OREANDA-NEWS. Fitch Ratings has affirmed the 'AA+' rating on the following revenue bonds issued by Broward County, Florida:

--$82,620,000 outstanding half-cent sales tax revenue bonds (main courthouse project), series 2010A;

--$69,950,000 outstanding half-cent sales tax revenue bonds (main courthouse project), series 2010B (federally taxable - Build America Bonds - direct payment);

--$48,780,000 outstanding half-cent sales tax revenue bonds (main courthouse project), series 2010C (federally taxable - recovery zone economic development bonds - direct payment).

The Rating Outlook is Stable.


The bonds are backed by a first lien on the county's share of the local government half-cent sales tax revenues.


Exceptional Financial Resilience: Current pledged revenues can tolerate significant stress when viewed in the context of historical revenue declines and modeled revenue losses in a moderate economic downturn via the Fitch Analytical Sensitivity Tool (FAST).

Low Leverage Risk: Significantly lower levels of stress tolerance are evident when maximum annual debt service (MADS) is elevated to the 1.5x threshold of the additional bonds test (ABT). However, Fitch's rating reflects a low expectation for additional parity debt based on the county's dependence on surplus half-cent sales tax revenue for operations and the availability of alternative bond programs, if necessary, to finance a manageable multi-year general government capital plan.

Economic Resource Base: Pledged revenues are expected to rise at a pace that approximates inflation over the long term based on expectations for continued moderate growth in population and economic activity within the Miami-Fort Lauderdale-West Palm Beach MSA.

Rating Capped at IDR: Fitch does not believe that the half-cent sales tax revenues would be considered special revenues in a bankruptcy of the county under Chapter 9 of the U. S. Bankruptcy Code. As such, the rating on the sales tax revenue bonds is capped by the Issuer Default Rating (IDR) on the county (currently 'AAA' with a Stable Outlook).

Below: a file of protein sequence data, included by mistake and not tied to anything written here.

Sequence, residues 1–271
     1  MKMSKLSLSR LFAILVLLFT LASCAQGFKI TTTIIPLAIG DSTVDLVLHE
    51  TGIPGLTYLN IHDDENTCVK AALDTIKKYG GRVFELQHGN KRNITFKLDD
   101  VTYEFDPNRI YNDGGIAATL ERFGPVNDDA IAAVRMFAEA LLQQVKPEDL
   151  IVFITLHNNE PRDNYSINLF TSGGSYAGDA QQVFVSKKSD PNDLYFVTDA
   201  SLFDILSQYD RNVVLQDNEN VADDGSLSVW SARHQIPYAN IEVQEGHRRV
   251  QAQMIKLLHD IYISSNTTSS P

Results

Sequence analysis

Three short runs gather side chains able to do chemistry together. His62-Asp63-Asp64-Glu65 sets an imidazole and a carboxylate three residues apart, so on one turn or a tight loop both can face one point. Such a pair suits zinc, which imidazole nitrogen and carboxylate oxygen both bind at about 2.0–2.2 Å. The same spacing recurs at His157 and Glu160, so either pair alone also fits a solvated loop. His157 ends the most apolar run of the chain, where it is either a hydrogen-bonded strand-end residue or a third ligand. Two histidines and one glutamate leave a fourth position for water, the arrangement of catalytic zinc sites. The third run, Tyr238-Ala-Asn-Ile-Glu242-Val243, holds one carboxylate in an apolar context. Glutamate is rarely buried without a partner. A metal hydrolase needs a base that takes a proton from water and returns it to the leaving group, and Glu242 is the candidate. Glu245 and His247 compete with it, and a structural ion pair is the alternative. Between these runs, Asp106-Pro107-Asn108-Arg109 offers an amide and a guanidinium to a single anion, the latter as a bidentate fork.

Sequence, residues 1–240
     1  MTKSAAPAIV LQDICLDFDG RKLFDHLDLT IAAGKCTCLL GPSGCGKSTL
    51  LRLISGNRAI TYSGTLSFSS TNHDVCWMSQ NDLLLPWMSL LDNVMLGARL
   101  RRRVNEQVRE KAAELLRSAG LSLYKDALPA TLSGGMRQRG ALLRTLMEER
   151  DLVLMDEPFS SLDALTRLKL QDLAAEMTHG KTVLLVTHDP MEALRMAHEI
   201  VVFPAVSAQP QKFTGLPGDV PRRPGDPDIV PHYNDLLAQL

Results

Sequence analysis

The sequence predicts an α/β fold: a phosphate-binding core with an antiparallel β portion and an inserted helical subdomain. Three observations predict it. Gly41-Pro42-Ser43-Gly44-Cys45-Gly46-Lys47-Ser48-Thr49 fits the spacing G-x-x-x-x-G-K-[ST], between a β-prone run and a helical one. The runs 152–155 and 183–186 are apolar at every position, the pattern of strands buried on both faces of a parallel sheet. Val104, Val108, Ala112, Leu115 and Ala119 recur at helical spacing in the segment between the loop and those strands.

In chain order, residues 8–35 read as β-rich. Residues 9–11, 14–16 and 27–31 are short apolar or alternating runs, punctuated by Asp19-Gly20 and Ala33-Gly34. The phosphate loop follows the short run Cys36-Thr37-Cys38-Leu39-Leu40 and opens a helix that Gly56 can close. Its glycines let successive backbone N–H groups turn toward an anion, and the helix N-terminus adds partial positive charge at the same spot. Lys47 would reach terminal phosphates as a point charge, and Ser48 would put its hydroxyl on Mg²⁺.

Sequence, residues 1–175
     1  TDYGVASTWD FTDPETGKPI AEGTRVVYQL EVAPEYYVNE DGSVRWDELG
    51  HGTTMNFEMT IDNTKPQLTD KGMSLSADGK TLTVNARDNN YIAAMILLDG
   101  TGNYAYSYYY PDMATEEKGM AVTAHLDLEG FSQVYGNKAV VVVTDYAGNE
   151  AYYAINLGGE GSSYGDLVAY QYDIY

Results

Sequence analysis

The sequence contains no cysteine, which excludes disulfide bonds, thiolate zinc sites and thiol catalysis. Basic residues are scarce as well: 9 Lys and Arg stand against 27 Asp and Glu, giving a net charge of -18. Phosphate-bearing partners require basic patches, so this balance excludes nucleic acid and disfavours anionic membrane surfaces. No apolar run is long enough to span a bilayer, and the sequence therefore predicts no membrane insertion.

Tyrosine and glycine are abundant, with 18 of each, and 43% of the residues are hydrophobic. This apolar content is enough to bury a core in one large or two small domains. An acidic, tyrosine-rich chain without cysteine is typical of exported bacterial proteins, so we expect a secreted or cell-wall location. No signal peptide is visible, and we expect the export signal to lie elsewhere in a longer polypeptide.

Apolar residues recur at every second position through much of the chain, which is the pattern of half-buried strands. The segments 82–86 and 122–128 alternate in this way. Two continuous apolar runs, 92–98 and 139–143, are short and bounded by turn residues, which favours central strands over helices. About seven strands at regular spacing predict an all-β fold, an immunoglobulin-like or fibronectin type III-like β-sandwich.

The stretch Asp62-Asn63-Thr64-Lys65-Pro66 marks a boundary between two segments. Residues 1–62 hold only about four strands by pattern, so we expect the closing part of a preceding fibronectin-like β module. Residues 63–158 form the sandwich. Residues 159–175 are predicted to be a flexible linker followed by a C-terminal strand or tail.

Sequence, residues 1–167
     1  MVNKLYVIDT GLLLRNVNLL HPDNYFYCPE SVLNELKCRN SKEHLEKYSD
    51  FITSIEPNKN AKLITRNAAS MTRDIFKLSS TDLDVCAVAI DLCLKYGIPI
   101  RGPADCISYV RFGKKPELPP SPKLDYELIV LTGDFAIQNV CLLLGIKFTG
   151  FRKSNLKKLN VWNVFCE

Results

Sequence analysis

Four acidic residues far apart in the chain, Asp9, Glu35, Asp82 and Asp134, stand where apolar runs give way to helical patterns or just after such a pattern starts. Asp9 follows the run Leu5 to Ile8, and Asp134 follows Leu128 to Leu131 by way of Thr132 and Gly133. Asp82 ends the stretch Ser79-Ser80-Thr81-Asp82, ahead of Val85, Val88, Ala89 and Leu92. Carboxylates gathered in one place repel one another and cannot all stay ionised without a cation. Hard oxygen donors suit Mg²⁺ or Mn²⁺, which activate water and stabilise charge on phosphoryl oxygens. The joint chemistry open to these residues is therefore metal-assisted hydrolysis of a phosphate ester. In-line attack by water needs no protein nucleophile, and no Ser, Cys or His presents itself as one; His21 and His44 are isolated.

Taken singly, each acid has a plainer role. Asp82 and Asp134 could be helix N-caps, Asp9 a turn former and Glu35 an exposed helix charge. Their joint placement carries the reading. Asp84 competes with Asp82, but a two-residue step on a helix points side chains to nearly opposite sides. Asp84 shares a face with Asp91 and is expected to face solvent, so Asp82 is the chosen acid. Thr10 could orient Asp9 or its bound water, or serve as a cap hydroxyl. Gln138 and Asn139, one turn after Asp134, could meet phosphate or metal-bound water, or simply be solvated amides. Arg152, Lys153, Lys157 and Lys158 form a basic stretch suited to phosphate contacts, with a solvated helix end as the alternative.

Sales Tax Revenue Bonds: The rating is sensitive to shifts in the performance of the area economy and generation of pledged half-cent sales tax revenue.

Additional Leverage: Fitch would expect rating pressure to materialize if additional parity indebtedness were issued in proximity to the maximum legal limit outlined in the ABT.

County IDR: The rating on the sales tax revenue bonds may become sensitive to changes in the general credit quality and the IDR on Broward County.


Broward County's economic profile centers on its inclusion within the Miami-Fort Lauderdale-West Palm Beach MSA which accounts for 30% of Florida's population and is the 11th largest economy in the U. S. measured by gross metro product. Trade, transportation and utilities is the largest single employment sector owing to several key infrastructure assets owned and operated by the county including Fort Lauderdale International Airport and Port Everglades. Tourism and healthcare also figure prominently in the local economy.

The county's tax base is fairly mature and predominantly residential in nature. As such the success of various redevelopment opportunities is critical to future growth. Employment has grown at a solid pace in recent years and now closely approximates pre-recession levels after recession period declines that exceeded the state and national experience. Taxable assessed values (TAV) have demonstrated a similar pattern of growth after a significant 28% decline from fiscal 2008-2012. According to the Zillow Group the county's housing market continues to prosper with home values up 10% over the past 12 months outpacing both statewide and national home value gains. Resident income and educational metrics are roughly equivalent to state norms.

Pledged Revenue Overview